The episodes on Montgomery, Alabama retell the story of the Montgomery bus boycott. Sparked by the arrest of Rosa Park, the boycott lasted for nearly a year and signaled a new stage in the civil rights movement. Much like "Eyes on the Prize," Will the Circle Be Unbroken discusses Martin Luther King, Jr.'s emergence as national leader subsequent to the leadership role he played in Montgomery. Various figures, from E.D. Nixon, the local leader of the Brotherhood of Sleeping Car Porters, who Parks called first upon her arrest, to Reverand Ralph Abernathy, who ministered at another Montgomery church, reflect on King's power while at the same time reminding listeners of the broad-based nature of the movement in Montgomery. The programs on Jackson, Mississippi, focus on the key role played by Medgar Evers in the early years of the direct action phase of the civil rights movement and the dangers faced by those who led the fight—Evers was assassinated on his front doorstep by Byron de la Beckwith, a self-acclaimed white supremacist who went unpunished for over thirty years. One of the most gripping segments describes Evers' funeral, which if not for the heroic efforts of Assistant Attorney General John Doar might have turned into another Soweto, the infamous massacre of black South Africans following their protests against the system of apartheid. [Play clip: Tape 7, Side A, 340-360.]

The episodes on Atlanta, Georgia center on the city's somewhat unique history. Wanting to build and maintain a reputation as a progressive community, white and black leaders steered Atlanta on a relatively peaceful and less confrontational course than that experienced by many other southern communities. To fully understand Atlanta's ability to avoid violent confrontation, the producers dig deep into Atlanta's past, particularly the emergence of a politically active black middle class beginning in the early decades of the twentieth century. By doing so, "Will the Circle Be Unbroken?" reinforces a finding increasingly emphasized by scholars, that the civil rights movement did not just begin in the 1950s. Rather, the protests of the 1950s and 1960s were part of a long history of black struggle,.

While focusing on five communities, the producers take a number of detours. In some instances, these detours are very interesting and memorable. One show, on the shooting of students at Jackson State University in 1970, for example, leaves listeners pondering why the Kent State shooting received so much more attention than those at Jackson State. In turn, this prompts one to consider the persistence of racism in the criminal justice system and mass media coverage of crime. The segment on the rise of black political power in Atlanta, similarly, leaves the listener with a concrete sense of one of the main achievements of the civil rights movement, black political power, and the limitations that black leaders in urban areas face due to white flight to suburbia and deindustrialization. Too often, however, these detours are episodic and lack the depth. Nearly every discussion of the legacy of the movement is disjointed. The detour into the history of the Mississippi Freedom Democratic Party and AFreedom Summer," is rushed and moves away from the community-based focus of the rest of the program. Likewise, the segment on Montgomery after the bus boycott is thin.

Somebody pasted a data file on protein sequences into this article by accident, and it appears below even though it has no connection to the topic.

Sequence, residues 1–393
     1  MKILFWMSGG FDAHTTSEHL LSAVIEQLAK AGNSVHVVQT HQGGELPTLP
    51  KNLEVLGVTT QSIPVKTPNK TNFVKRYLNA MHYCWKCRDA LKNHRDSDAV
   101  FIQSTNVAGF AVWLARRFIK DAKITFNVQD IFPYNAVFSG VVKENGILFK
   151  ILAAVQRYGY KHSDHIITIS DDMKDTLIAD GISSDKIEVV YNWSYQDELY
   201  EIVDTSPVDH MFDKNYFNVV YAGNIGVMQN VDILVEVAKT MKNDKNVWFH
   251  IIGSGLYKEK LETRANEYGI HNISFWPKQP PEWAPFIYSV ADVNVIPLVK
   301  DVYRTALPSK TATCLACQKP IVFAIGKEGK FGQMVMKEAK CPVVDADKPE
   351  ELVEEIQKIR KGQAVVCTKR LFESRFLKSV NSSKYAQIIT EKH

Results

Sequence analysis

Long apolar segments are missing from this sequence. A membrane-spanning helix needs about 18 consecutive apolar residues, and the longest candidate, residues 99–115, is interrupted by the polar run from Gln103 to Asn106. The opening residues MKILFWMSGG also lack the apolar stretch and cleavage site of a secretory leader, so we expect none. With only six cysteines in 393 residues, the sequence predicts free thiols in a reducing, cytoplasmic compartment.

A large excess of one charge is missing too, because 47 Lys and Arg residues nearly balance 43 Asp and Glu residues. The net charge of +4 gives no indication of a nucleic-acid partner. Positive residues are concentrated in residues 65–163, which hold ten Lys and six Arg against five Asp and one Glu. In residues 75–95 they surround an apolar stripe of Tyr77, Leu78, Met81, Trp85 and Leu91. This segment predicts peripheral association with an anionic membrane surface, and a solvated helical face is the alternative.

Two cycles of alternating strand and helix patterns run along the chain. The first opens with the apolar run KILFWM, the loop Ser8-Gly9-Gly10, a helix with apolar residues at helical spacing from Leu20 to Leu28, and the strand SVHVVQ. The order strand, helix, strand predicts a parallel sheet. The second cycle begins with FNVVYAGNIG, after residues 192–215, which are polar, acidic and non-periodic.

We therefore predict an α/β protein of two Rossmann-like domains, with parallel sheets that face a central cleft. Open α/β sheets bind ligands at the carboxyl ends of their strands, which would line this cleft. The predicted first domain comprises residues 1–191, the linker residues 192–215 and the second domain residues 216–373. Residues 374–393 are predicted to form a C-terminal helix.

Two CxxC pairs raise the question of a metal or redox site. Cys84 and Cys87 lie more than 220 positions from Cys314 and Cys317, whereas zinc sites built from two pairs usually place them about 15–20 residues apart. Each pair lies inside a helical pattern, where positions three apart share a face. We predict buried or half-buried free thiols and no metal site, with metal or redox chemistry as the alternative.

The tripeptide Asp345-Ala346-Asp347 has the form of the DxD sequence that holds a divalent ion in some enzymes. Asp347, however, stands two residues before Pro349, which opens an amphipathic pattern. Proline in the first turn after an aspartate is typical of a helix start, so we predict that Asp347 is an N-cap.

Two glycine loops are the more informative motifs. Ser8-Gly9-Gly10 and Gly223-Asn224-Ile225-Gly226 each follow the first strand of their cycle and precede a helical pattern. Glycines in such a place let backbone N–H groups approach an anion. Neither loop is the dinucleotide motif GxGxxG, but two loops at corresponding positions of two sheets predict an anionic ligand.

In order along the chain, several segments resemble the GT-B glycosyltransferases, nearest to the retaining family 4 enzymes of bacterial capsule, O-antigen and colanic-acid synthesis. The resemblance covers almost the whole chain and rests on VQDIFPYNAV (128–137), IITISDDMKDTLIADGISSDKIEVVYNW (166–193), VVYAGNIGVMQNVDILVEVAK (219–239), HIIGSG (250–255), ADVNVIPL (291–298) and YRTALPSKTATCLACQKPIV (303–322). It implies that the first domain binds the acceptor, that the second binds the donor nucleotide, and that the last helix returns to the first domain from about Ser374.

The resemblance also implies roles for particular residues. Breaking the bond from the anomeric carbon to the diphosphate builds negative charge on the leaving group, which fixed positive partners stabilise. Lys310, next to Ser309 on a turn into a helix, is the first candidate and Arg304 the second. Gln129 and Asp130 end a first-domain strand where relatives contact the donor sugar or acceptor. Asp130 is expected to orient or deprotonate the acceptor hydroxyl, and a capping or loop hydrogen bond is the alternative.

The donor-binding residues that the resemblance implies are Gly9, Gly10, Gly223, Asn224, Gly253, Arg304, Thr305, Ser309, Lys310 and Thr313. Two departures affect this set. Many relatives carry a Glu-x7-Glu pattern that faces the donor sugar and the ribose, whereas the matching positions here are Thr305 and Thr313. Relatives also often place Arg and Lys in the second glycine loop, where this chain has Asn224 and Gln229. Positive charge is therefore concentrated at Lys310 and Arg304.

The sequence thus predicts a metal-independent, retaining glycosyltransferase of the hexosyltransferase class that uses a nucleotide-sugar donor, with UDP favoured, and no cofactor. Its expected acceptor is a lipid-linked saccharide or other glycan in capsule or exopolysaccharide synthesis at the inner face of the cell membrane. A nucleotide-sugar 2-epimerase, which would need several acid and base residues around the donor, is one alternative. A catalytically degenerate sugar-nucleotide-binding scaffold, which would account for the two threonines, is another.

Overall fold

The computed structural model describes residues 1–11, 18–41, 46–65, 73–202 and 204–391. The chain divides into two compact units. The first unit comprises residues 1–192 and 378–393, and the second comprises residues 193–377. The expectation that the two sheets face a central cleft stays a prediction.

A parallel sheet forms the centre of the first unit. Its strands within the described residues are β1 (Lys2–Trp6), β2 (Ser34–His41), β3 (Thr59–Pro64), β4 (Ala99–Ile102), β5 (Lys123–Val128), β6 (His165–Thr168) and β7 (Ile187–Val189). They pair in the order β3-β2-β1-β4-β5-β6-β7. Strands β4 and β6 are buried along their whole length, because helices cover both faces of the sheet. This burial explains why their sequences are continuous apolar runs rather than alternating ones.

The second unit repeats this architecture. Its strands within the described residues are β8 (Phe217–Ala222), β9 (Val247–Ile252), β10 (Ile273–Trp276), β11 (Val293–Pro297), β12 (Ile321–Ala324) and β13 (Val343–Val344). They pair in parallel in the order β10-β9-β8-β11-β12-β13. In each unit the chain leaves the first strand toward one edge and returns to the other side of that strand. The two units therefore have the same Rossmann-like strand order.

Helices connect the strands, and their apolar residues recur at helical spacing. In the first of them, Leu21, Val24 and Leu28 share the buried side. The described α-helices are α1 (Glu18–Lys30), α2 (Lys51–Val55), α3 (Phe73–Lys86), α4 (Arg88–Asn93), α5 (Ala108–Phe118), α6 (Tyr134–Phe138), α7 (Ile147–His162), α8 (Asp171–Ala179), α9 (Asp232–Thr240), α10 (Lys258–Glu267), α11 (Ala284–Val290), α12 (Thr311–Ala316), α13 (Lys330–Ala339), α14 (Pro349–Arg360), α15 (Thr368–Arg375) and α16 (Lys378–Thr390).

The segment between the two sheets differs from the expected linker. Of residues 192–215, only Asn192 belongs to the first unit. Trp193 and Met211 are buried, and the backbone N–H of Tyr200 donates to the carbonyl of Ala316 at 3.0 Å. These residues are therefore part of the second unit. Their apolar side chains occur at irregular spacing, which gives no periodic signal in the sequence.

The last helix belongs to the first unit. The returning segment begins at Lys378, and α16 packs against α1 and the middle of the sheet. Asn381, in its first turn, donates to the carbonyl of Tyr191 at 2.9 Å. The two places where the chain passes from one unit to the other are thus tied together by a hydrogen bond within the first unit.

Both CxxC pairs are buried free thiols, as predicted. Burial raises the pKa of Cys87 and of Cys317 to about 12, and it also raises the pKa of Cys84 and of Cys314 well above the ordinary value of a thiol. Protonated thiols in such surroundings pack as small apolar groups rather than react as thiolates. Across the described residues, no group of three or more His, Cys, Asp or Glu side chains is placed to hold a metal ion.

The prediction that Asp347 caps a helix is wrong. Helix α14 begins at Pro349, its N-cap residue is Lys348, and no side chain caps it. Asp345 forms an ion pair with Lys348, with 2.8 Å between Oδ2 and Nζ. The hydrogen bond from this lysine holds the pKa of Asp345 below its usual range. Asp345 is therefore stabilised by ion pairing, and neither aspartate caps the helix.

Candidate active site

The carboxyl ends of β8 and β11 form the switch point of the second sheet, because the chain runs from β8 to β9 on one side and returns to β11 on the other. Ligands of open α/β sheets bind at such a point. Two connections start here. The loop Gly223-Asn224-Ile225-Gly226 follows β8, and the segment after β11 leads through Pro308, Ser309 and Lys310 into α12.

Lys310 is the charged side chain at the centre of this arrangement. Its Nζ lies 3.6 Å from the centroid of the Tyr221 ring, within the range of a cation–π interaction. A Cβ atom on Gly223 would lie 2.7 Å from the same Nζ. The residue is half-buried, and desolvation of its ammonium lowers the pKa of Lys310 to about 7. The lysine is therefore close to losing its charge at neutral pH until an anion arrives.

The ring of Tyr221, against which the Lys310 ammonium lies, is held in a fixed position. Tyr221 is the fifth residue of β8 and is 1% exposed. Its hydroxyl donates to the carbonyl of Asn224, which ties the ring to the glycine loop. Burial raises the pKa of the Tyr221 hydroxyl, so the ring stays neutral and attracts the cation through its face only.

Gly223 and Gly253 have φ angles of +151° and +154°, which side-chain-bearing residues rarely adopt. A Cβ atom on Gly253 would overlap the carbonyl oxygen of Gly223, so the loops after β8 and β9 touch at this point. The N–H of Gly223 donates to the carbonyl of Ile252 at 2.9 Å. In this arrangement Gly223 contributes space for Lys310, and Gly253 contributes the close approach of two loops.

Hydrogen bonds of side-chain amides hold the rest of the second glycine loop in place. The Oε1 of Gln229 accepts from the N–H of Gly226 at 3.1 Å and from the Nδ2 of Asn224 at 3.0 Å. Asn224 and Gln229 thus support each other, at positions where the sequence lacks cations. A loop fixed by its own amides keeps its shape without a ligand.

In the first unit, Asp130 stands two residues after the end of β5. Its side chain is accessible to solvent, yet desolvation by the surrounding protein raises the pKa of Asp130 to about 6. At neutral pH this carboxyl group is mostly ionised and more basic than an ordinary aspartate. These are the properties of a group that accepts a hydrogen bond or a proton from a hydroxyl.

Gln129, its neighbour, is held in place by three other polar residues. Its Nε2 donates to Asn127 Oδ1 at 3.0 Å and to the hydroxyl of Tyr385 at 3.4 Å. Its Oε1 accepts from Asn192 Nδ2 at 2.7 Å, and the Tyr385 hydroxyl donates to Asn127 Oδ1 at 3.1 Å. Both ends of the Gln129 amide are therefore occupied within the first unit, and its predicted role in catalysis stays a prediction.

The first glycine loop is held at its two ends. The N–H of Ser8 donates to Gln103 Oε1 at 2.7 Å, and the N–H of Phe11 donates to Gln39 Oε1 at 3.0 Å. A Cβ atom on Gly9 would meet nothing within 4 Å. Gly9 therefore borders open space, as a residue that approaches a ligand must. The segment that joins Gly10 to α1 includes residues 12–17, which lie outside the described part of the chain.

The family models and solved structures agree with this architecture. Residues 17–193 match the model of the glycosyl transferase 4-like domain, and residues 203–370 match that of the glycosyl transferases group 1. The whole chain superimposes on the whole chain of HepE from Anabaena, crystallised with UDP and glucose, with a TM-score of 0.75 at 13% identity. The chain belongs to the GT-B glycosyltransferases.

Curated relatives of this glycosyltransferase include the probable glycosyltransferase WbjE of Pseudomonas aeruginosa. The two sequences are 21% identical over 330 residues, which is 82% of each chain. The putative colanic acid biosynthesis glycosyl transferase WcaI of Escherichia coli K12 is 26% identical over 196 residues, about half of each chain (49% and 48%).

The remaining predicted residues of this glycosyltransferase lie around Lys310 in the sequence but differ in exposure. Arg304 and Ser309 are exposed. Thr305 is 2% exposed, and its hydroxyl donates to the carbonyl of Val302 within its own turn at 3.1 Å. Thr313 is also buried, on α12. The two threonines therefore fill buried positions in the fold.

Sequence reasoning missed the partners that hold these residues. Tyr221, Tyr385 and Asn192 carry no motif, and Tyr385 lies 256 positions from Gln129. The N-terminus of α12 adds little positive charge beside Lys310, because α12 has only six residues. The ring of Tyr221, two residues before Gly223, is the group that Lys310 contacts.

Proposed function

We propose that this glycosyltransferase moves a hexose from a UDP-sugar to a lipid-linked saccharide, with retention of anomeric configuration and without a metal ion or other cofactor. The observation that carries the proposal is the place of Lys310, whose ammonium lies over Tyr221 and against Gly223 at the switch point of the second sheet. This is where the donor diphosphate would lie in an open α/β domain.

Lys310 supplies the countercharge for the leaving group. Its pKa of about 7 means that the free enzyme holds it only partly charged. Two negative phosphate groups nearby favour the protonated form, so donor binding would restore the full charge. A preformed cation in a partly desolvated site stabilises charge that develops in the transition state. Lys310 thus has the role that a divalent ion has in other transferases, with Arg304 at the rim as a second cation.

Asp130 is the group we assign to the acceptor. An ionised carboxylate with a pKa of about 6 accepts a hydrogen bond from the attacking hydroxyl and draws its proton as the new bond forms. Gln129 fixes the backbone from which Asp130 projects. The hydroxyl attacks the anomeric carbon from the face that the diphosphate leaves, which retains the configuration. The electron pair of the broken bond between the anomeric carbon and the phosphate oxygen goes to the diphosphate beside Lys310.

Without a doubt, the availability of solid secondary sources and existent oral histories shaped the final product. In cases where the producers could draw on solid secondary works, such as Richard Kluger=s masterful examination of the battle to desegregate public education, Simple Justice , and oral histories of lesser-known civil rights activists, such as Rev. Albert DeLaine and Modjeska Simkins, the results are wonderful. In cases where scholary studies are few and oral sources slim, the results are less fulfilling. Overall, however, the Southern Regional Council has developed a tremendous program. Most simply stated, "Will the Circle Be Unbroken?" should be heard by those familiar and unfamiliar with the history of the civil rights movement. Teachers of all grade levels can make fruitful use of it in the classroom. And libraries would be well-advised to add it to their audio-visual collections.

1.New York Times, April 26, 1997, p. B1.[Return]

2. Robert J. Norrell, One Thing We Did Right: Reflections on the Movement in "New Directions in Civil Rights Studies," Armstead L. Robinson and Patricia Sullivan, eds., (Charlottesville: University Press of Virginia, 1991). On the advantages of a community-based approach to the civil rights movement see also, Clayborne Carson, The Black Freedom Struggle, in The Civil Rights Movement in America, Charles Eagles, ed. (Jackson: University of Mississippi Press, 1986). [Return]

Peter B. Levy
York College, York, PA